After scenes of crowd trouble marred the Red Devils close, hard-fought win at Huddersfield Giants, a group of concerned Salford fans have started a ‘Sorry’ fund as per a BBC Sport article.
The incident itself, which saw worried Salford players clamber into the crowd to rescue loved ones thought to be in danger of getting caught up in the disturbance, struck a raw chord for a sport that has always been seen to be safe and family-orientated.
As is more befitting to the ethos that Rugby League espouses, a group of Salford fans set up a justgiving.com fund with the intention of raising just £500 as a way of all true Salford fans apologising for the actions of what many would term an idiotic minority, a minority who have brought shame on the club.
The Just Giving appeal fund, said on the page itself that the fund was opened with the intention of being seen,
“As a token of our compassion and in an attempt to say ‘we are sorry’ to the players, the coaches, the owner and their families we are aiming to raise enough money to purchase the wives of the players involved in the incident with a bouquet of flowers, as well as gift vouchers for the children with any spare funds donated to a charity of the players choice.”
The initial target of £500 was soon beaten and the page/fund itself was eventually closed with the £500 projected total in tatters – as reported by a tweet on the following Twitter account.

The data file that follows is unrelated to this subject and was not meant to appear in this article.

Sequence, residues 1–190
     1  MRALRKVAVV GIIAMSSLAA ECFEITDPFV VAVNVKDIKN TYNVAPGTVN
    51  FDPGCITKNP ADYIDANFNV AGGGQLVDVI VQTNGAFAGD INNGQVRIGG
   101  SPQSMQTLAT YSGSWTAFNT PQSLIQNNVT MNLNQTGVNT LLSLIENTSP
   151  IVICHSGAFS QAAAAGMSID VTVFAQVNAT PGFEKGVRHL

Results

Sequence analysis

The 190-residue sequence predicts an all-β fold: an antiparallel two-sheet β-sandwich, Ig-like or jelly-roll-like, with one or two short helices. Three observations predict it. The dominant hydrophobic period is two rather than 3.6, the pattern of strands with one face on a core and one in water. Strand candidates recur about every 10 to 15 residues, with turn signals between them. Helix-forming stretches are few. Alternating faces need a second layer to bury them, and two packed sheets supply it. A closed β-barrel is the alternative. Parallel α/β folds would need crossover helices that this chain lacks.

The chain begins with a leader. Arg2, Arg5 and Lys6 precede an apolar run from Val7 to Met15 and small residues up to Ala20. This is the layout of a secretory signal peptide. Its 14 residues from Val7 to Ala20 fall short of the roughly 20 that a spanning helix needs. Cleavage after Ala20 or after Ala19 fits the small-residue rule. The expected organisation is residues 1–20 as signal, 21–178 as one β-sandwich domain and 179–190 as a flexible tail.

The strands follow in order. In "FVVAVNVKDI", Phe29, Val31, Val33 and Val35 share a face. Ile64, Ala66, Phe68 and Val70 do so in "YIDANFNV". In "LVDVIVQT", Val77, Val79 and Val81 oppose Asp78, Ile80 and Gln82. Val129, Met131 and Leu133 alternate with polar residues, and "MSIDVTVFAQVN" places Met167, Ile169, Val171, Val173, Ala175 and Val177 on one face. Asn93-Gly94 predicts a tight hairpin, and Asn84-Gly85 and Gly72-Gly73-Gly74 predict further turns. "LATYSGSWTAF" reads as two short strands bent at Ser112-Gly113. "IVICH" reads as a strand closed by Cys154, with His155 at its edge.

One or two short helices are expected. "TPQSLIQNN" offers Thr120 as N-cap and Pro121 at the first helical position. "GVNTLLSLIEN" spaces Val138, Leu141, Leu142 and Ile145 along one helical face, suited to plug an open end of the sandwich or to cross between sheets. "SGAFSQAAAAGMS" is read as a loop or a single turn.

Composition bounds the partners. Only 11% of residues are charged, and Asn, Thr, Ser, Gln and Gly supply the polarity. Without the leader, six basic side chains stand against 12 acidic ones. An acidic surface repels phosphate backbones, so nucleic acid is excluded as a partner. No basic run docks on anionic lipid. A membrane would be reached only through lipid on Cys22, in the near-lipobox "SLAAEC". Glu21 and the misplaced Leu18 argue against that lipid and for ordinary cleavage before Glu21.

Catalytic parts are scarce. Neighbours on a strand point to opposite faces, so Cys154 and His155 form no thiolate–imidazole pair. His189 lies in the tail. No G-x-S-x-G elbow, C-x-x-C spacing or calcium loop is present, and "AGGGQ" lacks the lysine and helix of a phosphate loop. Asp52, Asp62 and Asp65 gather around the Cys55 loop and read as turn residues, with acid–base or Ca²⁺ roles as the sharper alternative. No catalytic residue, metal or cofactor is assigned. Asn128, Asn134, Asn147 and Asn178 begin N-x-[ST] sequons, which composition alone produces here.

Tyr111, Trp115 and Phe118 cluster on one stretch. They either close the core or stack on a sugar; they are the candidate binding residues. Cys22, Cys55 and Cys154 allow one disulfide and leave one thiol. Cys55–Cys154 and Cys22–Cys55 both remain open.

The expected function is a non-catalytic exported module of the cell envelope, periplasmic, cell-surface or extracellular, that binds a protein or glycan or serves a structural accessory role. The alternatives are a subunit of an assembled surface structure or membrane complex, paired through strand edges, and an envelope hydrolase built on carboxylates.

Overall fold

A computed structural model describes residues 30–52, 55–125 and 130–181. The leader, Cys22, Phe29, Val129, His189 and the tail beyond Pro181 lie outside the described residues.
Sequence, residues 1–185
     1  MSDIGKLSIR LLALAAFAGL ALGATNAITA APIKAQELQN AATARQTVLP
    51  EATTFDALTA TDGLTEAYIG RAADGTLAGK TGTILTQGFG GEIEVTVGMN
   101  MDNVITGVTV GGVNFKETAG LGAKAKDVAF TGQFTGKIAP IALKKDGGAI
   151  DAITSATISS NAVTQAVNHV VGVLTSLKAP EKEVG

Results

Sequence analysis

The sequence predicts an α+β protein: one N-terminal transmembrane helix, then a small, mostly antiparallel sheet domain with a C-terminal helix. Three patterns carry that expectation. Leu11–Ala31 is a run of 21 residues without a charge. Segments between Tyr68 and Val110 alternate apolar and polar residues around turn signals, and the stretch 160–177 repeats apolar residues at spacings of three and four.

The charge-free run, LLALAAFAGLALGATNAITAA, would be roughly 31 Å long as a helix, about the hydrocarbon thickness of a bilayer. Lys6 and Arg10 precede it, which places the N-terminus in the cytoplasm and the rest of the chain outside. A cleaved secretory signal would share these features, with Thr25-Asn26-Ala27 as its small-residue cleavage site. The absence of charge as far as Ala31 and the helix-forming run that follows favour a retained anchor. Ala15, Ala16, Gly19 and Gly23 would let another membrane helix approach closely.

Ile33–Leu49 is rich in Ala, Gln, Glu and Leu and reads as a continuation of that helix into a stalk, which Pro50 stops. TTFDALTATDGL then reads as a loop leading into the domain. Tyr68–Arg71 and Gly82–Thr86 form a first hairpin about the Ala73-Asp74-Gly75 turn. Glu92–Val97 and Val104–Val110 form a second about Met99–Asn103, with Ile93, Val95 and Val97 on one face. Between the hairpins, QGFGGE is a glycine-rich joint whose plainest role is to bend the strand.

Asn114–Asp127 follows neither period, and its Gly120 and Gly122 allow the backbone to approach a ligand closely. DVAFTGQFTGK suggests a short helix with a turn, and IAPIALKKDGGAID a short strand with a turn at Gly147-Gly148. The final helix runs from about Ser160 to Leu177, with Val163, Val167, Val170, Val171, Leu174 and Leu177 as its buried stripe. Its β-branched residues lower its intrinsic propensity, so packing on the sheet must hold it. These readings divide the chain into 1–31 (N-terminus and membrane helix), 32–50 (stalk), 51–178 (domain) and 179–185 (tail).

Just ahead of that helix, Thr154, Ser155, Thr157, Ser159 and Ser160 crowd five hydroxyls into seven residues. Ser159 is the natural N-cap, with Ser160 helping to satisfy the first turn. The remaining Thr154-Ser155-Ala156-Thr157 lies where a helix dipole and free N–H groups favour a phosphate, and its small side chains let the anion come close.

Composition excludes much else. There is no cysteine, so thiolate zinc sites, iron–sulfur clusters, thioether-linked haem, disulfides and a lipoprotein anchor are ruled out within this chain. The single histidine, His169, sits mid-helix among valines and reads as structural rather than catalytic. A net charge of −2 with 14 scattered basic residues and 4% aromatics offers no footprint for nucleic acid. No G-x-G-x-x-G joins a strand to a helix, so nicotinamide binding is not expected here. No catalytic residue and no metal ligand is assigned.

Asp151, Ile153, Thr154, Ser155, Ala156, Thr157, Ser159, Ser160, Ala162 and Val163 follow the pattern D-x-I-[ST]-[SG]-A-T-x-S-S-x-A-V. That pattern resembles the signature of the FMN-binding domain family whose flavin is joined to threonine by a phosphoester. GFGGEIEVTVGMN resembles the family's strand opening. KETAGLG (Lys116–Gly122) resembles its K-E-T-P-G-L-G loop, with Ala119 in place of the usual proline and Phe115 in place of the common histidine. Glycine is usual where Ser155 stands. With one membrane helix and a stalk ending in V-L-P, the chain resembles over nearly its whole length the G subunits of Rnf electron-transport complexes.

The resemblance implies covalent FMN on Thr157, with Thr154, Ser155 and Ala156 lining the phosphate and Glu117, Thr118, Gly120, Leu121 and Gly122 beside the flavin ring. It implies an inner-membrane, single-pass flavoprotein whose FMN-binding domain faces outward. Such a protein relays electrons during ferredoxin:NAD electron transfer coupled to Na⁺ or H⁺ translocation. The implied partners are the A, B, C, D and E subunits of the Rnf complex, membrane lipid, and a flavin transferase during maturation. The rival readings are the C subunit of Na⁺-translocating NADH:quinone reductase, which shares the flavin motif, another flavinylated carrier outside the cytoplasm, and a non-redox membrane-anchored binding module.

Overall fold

A massive £855 has been donated from generous Salford and rugby league supporters. An amazing effort in such a short space of time.
— The Salford Scene (@TheSalfordScene) April 1, 2016
The Just Giving page said in the page’s mission statement that, as well as the gift of flowers for players ‘ wives, gift vouchers for the children and the rest of the funds going to charity, the fans also wanted to do something else that would distance them from those whose actions caused the disturbance. He said that, “A full letter of apology will also be drafted and issued to the players from the Salford Red Devils fans.”
This sort of fan-driven appeal, one where individual fans wish to be seen as more of a collective, and wanting to distance themselves from what was obviously a moronic minority, is something that helps to restore that sense of something special in what is often referred to as the ‘Rugby League family’.